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. 2014 May 15;192(10):4859-66.
doi: 10.4049/jimmunol.1301155. Epub 2014 Apr 14.

SHP2 Phosphatase Promotes Mast Cell Chemotaxis Toward Stem Cell Factor via Enhancing Activation of the Lyn/Vav/Rac Signaling Axis

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Free PMC article

SHP2 Phosphatase Promotes Mast Cell Chemotaxis Toward Stem Cell Factor via Enhancing Activation of the Lyn/Vav/Rac Signaling Axis

Namit Sharma et al. J Immunol. .
Free PMC article

Abstract

SHP2 protein-tyrosine phosphatase (encoded by Ptpn11) positively regulates KIT (CD117) signaling in mast cells and is required for mast cell survival and homeostasis in mice. In this study, we uncover a role of SHP2 in promoting chemotaxis of mast cells toward stem cell factor (SCF), the ligand for KIT receptor. Using an inducible SHP2 knockout (KO) bone marrow-derived mast cell (BMMC) model, we observed defects in SCF-induced cell spreading, polarization, and chemotaxis. To address the mechanisms involved, we tested whether SHP2 promotes activation of Lyn kinase that was previously shown to promote mast cell chemotaxis. In SHP2 KO BMMCs, SCF-induced phosphorylation of the inhibitory C-terminal residue (pY507) was elevated compared with control cells, and phosphorylation of activation loop (pY396) was diminished. Because Lyn also was detected by substrate trapping assays, these results are consistent with SHP2 activating Lyn directly by dephosphorylation of pY507. Further analyses revealed a SHP2- and Lyn-dependent pathway leading to phosphorylation of Vav1, Rac activation, and F-actin polymerization in SCF-treated BMMCs. Treatment of BMMCs with a SHP2 inhibitor also led to impaired chemotaxis, consistent with SHP2 promoting SCF-induced chemotaxis of mast cells via a phosphatase-dependent mechanism. Thus, SHP2 inhibitors may be useful to limit SCF/KIT-induced mast cell recruitment to inflamed tissues or the tumor microenvironment.

Conflict of interest statement

Disclosures

The authors have no financial conflicts of interest.

Figures

FIGURE 1
FIGURE 1
Defective cell spreading and polarization in SHP2 KO BMMCs treated with SCF. (A) BMMCs obtained from Shp2fl/fl and TgCreER:Shp2fl/fl were treated with 4-TM (200 nM) for 3 d to generate WT and KO BMMCs, respectively. (A) PCR analyses of Shp2 null and flox alleles for genomic DNA isolated from WT and KO BMMCs. Position of DNA size markers (kilobases) are shown on the left. (B) IB analysis for WT and KO BMMC lysates probed with SHP2 and ERK Abs. Positions of relative mass markers (kDa) are shown on the left. (C) WT and KO BMMCs were straved of IL-3 for 6 h and seeded on fibronectin-coated coverslips in the presence of SCF (25 ng/ml for 45 min). Cells were fixed, permeabilized, and stained with TRITC–phalloidin. Representative epiflourescence micrographs are shown for F-actin staining. (D) The graph depicts the percentage of cells that had spread for multiple fields for WT and KO BMMCs (n = 4 > 200 cells; mean ± SD; triplicate samples; *p < 0.05, significant difference between genotypes. (E) Graph depicts the percentage of cells that had polarized for multiple fields for WT and KO BMMCs (n = 4, >200 cells; mean ± SD; triplicate samples; *p < 0.05, significant difference between genotypes.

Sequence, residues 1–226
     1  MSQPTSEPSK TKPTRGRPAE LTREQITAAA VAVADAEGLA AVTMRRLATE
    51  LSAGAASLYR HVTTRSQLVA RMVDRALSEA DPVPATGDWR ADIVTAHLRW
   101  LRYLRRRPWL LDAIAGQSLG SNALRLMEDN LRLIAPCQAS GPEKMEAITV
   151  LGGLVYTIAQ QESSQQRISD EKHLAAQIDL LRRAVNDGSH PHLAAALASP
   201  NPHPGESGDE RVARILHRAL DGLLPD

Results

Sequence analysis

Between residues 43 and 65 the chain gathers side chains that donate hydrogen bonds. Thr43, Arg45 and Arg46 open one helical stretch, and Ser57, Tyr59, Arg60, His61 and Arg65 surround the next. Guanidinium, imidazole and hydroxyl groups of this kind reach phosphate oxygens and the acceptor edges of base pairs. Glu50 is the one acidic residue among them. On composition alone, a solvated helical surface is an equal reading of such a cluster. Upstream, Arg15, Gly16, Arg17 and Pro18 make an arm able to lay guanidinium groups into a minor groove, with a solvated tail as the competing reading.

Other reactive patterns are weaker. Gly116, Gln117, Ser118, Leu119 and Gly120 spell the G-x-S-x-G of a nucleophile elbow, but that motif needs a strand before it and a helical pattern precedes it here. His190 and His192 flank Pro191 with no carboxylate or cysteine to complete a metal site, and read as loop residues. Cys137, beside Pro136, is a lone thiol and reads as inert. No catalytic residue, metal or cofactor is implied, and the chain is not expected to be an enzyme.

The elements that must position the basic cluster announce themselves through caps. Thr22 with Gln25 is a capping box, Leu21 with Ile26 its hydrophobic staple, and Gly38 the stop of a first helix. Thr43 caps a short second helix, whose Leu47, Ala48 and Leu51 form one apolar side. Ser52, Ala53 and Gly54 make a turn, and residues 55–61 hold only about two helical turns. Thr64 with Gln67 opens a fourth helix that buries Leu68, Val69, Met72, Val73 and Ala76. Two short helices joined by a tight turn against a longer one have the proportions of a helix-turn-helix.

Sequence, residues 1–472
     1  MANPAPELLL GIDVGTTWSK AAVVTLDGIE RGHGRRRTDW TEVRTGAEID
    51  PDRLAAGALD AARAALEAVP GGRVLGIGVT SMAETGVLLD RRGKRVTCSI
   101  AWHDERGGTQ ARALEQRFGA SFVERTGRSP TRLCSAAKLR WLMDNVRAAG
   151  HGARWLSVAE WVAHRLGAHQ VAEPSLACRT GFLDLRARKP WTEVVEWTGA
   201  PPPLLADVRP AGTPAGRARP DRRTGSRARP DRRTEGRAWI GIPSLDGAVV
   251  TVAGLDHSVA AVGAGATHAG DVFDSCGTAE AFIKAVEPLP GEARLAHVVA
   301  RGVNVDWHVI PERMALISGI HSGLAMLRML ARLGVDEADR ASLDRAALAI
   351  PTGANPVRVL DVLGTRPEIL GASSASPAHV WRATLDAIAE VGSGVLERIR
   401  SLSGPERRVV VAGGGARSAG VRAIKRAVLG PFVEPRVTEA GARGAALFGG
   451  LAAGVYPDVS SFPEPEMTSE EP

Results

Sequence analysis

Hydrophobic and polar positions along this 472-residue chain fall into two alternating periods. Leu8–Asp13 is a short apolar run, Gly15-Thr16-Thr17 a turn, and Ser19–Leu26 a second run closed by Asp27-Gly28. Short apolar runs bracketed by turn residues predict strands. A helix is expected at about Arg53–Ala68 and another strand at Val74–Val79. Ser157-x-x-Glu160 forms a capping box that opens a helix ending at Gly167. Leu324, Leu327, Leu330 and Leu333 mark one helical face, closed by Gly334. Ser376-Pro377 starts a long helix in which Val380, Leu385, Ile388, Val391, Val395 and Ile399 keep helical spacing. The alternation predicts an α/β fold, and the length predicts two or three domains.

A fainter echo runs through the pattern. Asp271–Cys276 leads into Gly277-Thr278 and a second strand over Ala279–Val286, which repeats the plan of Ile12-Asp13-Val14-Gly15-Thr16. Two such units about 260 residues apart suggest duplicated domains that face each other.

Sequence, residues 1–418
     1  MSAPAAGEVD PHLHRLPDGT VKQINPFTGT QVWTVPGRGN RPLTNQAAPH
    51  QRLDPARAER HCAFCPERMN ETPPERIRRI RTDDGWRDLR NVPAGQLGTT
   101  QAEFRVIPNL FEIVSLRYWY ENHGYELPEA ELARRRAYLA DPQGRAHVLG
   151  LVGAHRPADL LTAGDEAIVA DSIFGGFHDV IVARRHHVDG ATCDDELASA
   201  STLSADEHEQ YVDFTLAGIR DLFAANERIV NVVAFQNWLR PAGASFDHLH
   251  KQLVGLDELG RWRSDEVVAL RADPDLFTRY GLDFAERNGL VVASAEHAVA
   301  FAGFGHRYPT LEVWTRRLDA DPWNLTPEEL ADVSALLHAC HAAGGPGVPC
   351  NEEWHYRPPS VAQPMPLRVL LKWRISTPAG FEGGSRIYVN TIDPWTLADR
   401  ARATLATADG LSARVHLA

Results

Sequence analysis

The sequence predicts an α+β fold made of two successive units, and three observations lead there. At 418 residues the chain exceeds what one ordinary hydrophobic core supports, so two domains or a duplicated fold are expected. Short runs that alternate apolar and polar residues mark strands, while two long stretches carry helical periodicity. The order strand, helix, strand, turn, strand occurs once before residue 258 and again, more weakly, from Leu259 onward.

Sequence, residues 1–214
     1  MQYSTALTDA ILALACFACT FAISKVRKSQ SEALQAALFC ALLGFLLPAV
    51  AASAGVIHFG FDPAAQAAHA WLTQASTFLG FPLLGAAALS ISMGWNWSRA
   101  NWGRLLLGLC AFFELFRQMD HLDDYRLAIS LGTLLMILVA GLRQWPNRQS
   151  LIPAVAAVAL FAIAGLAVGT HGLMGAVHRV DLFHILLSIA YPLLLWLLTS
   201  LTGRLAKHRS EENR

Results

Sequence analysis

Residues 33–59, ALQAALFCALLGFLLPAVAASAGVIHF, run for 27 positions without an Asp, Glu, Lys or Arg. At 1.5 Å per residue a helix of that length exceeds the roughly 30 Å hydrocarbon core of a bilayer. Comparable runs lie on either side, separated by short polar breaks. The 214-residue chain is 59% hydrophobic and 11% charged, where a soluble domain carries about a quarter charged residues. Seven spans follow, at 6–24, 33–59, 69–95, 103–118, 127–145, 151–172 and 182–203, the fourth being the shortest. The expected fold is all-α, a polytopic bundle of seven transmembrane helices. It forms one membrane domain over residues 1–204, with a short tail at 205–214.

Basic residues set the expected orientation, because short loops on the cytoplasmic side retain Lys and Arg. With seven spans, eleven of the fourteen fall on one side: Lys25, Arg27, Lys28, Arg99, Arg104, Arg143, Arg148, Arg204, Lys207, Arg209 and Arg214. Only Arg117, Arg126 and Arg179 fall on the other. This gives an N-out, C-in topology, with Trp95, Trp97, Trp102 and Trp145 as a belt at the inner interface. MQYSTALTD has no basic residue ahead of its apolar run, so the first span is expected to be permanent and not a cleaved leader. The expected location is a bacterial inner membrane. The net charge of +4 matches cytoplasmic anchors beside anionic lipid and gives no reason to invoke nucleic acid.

FIGURE 2
FIGURE 2
SHP2 promotes chemotaxis of BMMCs. (A) Transwell assays were performed to measure WT and KO BMMC chemotaxis toward SCF (25 ng/ml). The graph depicts the number of cells per field (mean ± SD, n = 3 replicates, triplicate samples; *p < 0.05, significant difference between genotypes). (B) Schematic representation of experimental design using live cell imaging of agarose drop assays. WT and KO BMMCs were stained with CellTracker Orange and Green, respectively, and mixed prior to subjecting to SCF-embedded agarose drop chemotaxis assay, as described in Materials and Methods. (C) Representative confocal micrographs showing the positions of WT and KO BMMCs at the indicated times (0–16 h) during the time lapse are shown (margin of agarose drop indicated by dashed white line). White and yellow arrows depict positions of WT and KO BMMCs, respectively, that had migrated under the agarose at 16 h. (D) Cells from multiple fields (n = 5, >30 cells/genotype) were tracked individually to calculate migration distances (micrometers). The graph depicts mean migration distance (± SD) for WT and KO BMMCs (*p < 0.05, significant difference between genotypes). (E) Graph depicts the average velocity (micrometer per minute) for the same set of WT and KO BMMCs described in (D) (*p < 0.05, significant difference between genotypes).